I’ve talked about how conflict is a present reality for us in ministry, set up the friendship betwen Paul and Barnabas, and walked through the passage where they part ways. Now what can we learn from their separation?
a) First, we have a lesson in diversity.
Notice how Luke retells this event without assigning blame to either Paul or Barnabas. It just seems that they’ve got different missions philosophies. I think Luke does this to show that Paul and Barnabas didn’t have to be doing the same thing. Paul went his way, and Barnabas went his way. There were plenty of opportunities for the cause of the gospel in both directions. This shows us that the mission of the Church is large enough for multiple methods to be used. There will be diversity in missions, and we should not think one route of spreading the gospel is any better than the other. But we would do well to remember that though there may be many ways to spread the gospel, there is only one gospel to be spread.
b) Second, the gospel is important enough for us to use every possible resource.
Yes they split, but because they split, there were now two missionary parties going out rather than one. Two groups of people would hear the gospel, not just one. It opened the door for more to hear the gospel. The conflict did not stop Paul and Barnabas from doing missions. Paul even, mentions Barnabas in a good light in some of his letters. Rather than focusing on our conflicts, or on our personality differences, our focus ought to be the gospel. If the gospel is above all things in our hearts, we’ll continue to minister as Paul and Barnabas did rather than leaving the ministry all-together.
c) Third, we can trust that Jesus is strong enough to handle our conflicts and use them for both His great glory and our great good.
When Joseph was sold into slavery by his brothers, and later met his brothers face to face he said “as for you, you meant evil against me, but God meant it for good…” (Genesis 50:20). The brothers weren’t trying to do God’s will, and some of our conflicts in missions will be with those who aren’t trying to do God’s will either. Yet, just as the actions Joseph’s brothers were in accordance with the sovereign purpose of God, so too our actions and the actions of those were conflicted with are under the sovereign purpose of God. The ultimate display of this truth is the cross. WE, in our sin, meant evil against Jesus by killing Him, but God meant the death of His Son on the cross for good. What looked like a tragedy was turned into the greatest victory in history. When conflict comes to you, turn to our sovereign God, and ask Him to work it out for good. He will.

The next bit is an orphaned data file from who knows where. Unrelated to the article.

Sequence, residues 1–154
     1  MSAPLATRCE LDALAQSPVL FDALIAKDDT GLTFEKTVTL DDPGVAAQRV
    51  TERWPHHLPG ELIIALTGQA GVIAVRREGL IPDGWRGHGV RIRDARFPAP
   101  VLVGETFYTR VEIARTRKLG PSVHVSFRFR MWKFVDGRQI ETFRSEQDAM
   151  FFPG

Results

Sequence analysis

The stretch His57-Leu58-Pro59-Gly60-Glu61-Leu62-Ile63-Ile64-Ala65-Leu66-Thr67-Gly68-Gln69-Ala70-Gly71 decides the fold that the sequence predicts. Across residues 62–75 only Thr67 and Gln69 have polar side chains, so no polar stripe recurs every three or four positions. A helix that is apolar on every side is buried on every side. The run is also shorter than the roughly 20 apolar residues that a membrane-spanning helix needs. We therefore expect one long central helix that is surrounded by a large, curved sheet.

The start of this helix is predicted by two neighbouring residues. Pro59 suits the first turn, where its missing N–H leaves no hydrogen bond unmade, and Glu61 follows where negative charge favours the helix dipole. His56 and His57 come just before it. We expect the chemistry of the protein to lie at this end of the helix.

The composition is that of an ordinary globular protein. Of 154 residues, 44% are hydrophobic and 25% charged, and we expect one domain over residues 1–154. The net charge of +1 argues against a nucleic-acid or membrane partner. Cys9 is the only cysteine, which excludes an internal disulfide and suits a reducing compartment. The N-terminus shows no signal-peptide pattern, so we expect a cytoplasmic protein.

d) Fourth, in conflict we need to remember love.
Both Paul and Barnabas didn’t bring anyone else into their dispute. They didn’t gossip about the other to their new companions. They didn’t drag the churches into it either. Rather than lashing out or complaining, they attempted to work it out, realized they couldn’t, and moved on, united under the common cause of the gospel. This was wise, and was gracious. I think, 95% of the time, we know how to resolve our conflicts. The problem is that we’re usually more interested in displaying ourselves to be right before other people rather than fixing the conflict. You’re going to have to fight this desire if you want conflicts resolved.
e) Lastly, there is hope for reconciliation in conflict.
I’ve said that Luke never again mentions Barnabas in Acts, it’s just about Paul after the incident. But we have a record of their reconciliation later in Scripture. It is found at the very end of Paul’s life, in the very last chapter, of his last epistles (never to late huh?). Paul’s closing words to Timothy are in 2 Tim. 4:11, where he says, “Only Luke is with me. Pick up Mark and bring him with you, for he is useful to me for service.” Timothy will come to Rome, but he’s not to come by himself. He’s to bring John Mark with him. Why? Because Paul has need of him. There once was a time when Paul had no use for Barnabas’ cousin John Mark in the mission field, but that has changed now. John Mark has grown up, and perhaps Paul has too.
Lesson? Conflict has an end, it may take years as it did in this case, but we see from this that it’s never too late for reconciliation.